The real urban jungle: how ancient societies reimagined what cities could be
They may be vine-smothered ruins today, but the lost cities of the ancient tropics still have a lot to teach us about how to live alongside nature
Visions of “lost cities” in the jungle have consumed western imaginations since Europeans first visited the tropics of Asia, Africa and the Americas. From the Lost City of Z to El Dorado, a thirst for finding ancient civilisations and their treasures in perilous tropical forest settings has driven innumerable ill-fated expeditions. This obsession has seeped into western societies’ popular ideas of tropical forest cities, with overgrown ruins acting as the backdrop for fear, discovery and life-threatening challenges in countless films, novels and video games.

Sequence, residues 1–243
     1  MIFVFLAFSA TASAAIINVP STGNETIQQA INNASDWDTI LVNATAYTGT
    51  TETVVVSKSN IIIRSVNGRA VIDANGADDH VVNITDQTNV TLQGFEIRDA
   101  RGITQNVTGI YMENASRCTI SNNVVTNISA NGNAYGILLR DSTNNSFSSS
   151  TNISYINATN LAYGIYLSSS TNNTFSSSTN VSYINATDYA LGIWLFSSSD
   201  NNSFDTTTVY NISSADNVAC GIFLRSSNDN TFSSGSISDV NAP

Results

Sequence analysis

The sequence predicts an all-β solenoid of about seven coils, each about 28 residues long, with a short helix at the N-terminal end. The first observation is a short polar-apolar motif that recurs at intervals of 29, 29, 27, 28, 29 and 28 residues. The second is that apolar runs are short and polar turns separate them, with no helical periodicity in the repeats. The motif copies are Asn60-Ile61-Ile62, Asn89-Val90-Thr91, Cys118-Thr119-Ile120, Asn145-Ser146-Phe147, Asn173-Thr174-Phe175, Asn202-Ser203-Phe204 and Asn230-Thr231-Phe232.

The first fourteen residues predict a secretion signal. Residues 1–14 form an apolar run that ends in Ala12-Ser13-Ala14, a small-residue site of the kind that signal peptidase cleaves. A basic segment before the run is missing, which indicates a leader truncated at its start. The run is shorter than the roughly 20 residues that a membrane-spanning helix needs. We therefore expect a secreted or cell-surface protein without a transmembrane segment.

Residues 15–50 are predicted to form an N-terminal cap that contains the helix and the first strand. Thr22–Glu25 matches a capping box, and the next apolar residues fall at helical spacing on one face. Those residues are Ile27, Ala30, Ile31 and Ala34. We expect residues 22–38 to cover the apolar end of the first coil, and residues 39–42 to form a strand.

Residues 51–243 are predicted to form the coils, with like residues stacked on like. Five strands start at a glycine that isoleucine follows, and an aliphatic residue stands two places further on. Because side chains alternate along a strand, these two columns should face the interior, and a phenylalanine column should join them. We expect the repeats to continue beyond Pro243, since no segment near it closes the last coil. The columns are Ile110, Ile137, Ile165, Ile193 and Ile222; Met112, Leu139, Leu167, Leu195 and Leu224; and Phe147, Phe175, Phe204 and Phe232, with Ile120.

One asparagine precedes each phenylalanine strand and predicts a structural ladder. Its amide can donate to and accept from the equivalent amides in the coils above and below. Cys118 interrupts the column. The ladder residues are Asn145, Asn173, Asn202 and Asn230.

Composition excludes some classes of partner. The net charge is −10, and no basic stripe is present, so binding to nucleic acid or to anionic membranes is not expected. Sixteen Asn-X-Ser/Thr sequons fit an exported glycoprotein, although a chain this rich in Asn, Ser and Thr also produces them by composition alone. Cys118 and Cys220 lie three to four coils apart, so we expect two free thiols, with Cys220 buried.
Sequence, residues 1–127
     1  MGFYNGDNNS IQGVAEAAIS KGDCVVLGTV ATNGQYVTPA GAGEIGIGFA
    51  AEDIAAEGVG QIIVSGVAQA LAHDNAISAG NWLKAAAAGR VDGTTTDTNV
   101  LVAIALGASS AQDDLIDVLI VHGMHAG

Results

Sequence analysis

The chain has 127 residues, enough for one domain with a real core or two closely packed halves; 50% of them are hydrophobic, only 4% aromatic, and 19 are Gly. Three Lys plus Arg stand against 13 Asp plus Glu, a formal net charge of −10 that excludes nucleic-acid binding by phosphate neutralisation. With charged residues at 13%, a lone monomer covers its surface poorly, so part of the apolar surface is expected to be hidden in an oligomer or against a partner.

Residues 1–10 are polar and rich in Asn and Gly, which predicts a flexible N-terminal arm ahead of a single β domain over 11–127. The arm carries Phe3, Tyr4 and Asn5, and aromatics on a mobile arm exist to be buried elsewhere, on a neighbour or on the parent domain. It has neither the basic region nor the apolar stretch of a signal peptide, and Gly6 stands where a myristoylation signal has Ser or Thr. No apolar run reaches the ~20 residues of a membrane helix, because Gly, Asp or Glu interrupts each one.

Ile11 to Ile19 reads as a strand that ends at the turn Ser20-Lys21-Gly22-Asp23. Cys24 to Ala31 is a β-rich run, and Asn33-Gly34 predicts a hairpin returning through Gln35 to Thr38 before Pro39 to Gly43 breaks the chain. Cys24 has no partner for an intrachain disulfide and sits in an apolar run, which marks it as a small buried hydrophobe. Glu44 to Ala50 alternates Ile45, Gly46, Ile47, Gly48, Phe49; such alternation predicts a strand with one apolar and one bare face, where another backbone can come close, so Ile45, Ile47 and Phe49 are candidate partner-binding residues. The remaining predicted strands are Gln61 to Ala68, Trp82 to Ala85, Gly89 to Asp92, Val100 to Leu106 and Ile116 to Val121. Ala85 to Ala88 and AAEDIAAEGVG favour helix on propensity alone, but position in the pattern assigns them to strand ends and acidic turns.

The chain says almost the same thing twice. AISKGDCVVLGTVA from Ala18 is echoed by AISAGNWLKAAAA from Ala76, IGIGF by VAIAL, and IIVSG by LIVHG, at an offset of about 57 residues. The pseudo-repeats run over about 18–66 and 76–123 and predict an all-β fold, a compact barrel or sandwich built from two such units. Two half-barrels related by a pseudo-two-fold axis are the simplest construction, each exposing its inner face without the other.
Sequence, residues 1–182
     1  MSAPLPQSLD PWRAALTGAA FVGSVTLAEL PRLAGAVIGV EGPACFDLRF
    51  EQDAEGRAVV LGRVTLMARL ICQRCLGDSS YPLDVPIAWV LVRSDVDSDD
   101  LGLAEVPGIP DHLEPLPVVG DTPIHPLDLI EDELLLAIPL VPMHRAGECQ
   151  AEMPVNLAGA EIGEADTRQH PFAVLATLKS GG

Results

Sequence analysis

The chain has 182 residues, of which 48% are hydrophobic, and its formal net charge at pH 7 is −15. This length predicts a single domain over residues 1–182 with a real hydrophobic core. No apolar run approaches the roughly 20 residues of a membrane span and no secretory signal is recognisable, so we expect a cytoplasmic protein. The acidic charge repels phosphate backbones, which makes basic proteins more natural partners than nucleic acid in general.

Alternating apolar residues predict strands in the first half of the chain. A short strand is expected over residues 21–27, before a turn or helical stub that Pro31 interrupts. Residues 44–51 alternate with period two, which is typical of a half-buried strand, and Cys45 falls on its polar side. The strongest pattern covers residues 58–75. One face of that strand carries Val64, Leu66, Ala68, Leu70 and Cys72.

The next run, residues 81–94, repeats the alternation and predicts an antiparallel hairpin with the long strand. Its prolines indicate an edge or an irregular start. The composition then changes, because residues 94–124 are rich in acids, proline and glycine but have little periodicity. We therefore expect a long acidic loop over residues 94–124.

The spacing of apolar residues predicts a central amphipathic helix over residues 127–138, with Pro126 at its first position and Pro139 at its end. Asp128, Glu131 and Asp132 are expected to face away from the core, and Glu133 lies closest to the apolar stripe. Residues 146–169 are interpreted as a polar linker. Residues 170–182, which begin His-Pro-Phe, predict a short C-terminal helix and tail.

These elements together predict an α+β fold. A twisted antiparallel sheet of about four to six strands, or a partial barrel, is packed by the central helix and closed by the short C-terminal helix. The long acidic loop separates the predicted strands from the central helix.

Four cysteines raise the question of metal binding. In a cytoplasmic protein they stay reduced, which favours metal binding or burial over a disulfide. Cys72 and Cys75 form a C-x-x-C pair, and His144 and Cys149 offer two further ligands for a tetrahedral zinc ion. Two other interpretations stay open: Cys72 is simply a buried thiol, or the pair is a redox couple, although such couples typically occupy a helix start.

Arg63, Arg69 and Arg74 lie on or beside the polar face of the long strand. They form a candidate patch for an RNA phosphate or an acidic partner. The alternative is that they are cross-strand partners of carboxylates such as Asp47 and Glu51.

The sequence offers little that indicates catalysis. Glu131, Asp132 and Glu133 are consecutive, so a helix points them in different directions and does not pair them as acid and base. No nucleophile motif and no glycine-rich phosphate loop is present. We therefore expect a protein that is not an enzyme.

Throughout these depictions runs the idea that all ancient cities and states in tropical forests were doomed to fail. That the most resilient occupants of tropical forests are small villages of poison dart-blowing hunter-gatherers. And that vicious vines and towering trees – or, in the case of The Jungle Book, a boisterous army of monkeys – will inevitably claw any significant human achievement back into the suffocating green whence it came. This idea has been boosted by books and films that focus on the collapse of particularly enigmatic societies such as the Classic Maya. The decaying stone walls, the empty grand structures and the deserted streets of these tropical urban leftovers act as a tragic warning that our own way of life is not as secure as we would like to assume.